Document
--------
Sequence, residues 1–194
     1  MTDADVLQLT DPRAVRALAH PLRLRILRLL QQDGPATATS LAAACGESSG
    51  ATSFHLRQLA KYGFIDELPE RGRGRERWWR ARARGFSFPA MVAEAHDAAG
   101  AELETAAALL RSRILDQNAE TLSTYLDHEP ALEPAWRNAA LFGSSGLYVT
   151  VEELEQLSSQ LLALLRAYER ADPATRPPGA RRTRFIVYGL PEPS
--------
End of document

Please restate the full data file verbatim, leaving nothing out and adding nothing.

Sequence, residues 1–194
     1  MTDADVLQLT DPRAVRALAH PLRLRILRLL QQDGPATATS LAAACGESSG
    51  ATSFHLRQLA KYGFIDELPE RGRGRERWWR ARARGFSFPA MVAEAHDAAG
   101  AELETAAALL RSRILDQNAE TLSTYLDHEP ALEPAWRNAA LFGSSGLYVT
   151  VEELEQLSSQ LLALLRAYER ADPATRPPGA RRTRFIVYGL PEPS